And like last year, rosé was the least impressive category when it came to top medals. Just two labels were awarded silvers in the sub-£35 price band, one for Sainsbury’s Brut rosé and the other for Canard-Duchêne’s Charles VII Grand Cuvée de la Rosé. In rosés over £35, a golds was awarded to Charles-Heidsieck’s Rosé Réserve and another for Besserat de Bellefon Cuvée des Moines Brut Rosé.

Overall, the competition highlighted the quality and value available in the vintage Champagne category. It also drew attention to the superior winemaking capabilities of certain Houses, such as Phillipponat, Besserat de Bellefon and Charles Heidsieck. Finally, it’s worth noting that the grower Champagnes entered didn’t perform as well one might think, considering the excitement around this category at present. However, without the opportunity to blend from a broad area, perhaps the grower Champagnes lacked the same level of complexity as some of the houses and cooperatives which source grapes from across the region. After all, much of Champagne’s quality and character comes from blending.

Continue on to the following pages to see the results of the Champagne Masters 2012, while more information on the competition can be viewed below.

The Panel

Judges were selected for their general wine tasting experience, high regard in the trade, as well as expertise in the Champagne sector. We chose a range of personalities to reflect different sectors, be it the on-trade and off-trade, mainstream retail and specialist independent, as well as fine wine. We also invited Michael Edwards to join the panel, a respected and award-winning Champagne writer and contributor to the drinks business.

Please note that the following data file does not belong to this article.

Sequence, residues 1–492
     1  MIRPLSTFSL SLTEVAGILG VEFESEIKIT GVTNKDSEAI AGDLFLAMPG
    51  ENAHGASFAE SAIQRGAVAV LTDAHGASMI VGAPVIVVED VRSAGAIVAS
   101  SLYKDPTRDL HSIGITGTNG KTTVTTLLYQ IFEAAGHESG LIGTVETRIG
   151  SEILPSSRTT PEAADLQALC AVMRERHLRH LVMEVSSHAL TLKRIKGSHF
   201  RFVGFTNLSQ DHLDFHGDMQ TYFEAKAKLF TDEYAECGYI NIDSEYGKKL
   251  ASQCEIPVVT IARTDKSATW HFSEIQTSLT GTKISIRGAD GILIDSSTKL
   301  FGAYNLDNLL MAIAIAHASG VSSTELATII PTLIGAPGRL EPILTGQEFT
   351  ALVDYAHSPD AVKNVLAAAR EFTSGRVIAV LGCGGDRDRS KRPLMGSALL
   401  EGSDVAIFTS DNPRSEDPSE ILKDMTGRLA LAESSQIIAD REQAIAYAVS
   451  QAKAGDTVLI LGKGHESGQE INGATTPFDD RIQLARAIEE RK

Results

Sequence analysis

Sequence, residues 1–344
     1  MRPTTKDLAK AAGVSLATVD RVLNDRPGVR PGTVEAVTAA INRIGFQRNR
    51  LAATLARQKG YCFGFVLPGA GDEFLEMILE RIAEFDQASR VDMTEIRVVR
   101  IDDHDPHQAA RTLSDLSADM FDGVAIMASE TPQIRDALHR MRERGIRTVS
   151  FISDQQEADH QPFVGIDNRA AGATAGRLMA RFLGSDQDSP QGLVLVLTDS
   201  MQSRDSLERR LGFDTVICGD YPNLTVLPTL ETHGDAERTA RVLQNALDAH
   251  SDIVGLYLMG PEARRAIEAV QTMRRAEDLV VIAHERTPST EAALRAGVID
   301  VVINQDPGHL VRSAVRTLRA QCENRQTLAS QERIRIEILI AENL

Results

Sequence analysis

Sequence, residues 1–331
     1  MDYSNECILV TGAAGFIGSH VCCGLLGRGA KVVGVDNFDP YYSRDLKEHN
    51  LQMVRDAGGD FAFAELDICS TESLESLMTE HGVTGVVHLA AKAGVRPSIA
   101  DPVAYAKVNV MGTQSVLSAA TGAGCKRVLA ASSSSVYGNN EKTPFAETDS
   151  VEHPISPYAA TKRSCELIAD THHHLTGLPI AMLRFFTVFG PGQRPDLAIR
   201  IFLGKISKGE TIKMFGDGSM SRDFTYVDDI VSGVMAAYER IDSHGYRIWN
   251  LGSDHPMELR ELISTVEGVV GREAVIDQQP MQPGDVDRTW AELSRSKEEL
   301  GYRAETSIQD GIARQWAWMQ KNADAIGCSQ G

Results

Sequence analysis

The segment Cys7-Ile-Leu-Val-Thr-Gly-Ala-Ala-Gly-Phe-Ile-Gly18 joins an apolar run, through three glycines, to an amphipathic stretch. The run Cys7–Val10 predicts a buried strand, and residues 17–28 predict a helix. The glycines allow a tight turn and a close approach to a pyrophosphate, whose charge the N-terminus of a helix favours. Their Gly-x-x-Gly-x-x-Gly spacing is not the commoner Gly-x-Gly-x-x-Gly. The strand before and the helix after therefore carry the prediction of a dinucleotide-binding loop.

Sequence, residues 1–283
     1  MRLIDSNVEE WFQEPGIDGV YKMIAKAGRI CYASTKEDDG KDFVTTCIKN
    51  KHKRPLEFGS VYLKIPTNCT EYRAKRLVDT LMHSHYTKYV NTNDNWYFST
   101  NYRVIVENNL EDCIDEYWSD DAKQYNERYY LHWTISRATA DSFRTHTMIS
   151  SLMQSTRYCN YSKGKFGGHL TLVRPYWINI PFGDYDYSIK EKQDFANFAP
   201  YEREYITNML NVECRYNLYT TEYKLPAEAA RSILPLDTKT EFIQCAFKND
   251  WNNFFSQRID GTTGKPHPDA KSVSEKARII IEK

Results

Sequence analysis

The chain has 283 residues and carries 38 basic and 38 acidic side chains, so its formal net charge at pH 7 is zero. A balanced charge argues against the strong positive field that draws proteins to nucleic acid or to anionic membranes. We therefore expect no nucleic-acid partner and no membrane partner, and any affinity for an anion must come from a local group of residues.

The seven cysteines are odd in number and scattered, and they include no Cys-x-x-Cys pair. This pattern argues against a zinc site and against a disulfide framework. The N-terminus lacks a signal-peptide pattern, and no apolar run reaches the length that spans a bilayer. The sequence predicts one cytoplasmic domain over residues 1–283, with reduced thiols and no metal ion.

The judges

• Nicola Arcedeckne-Butler MW, buying director, Private Cellar (chair)

• Patrick Schmitt, editor, the drinks business

• Anthony Foster MW, director/buyer, Bonhote Foster

• Michael Edwards, journalist/author/

Champagne experts

• Christine Parkinson, group wine buyer, Hakkasan

• Marcel Orford Williams, wine/ Champagne buyer, The Wine Society

• Jamie Hutchinson, owner,

The Sampler

• Emma Dawson, wine buyer, Marks & Spencer

About the competition

The Champagne Masters is a competition created and run by the drinks business and an extension of its successful Masters series for spirits. The competition is exclusively for Champagne and almost 100 entries were judged by a selection of highly experienced tasters using Riedel Chianti/Riesling glasses supplied by Sensible Wine Services. The top Champagnes were awarded Gold, Silver or Bronze medals according to their result, and those Champagnes that stood out as being outstanding received the ultimate accolade – the title of Champagne Master. The Champagnes were tasted over the course of one day at the Institute of Masters of Wine.

Continue on to the following pages to see the results of the Champagne Masters 2012

One Response to “Champagne Masters reflect value in vintage”

  1. As Kingsley Amis said, “Champagne is only half a drink. The rest is a name on a label, an inflated price tag, a bit of tradition and a good deal of showing off.” (Quoted in our ebook,Wining & Dining – The Sediment guide to wine and the dinner-party)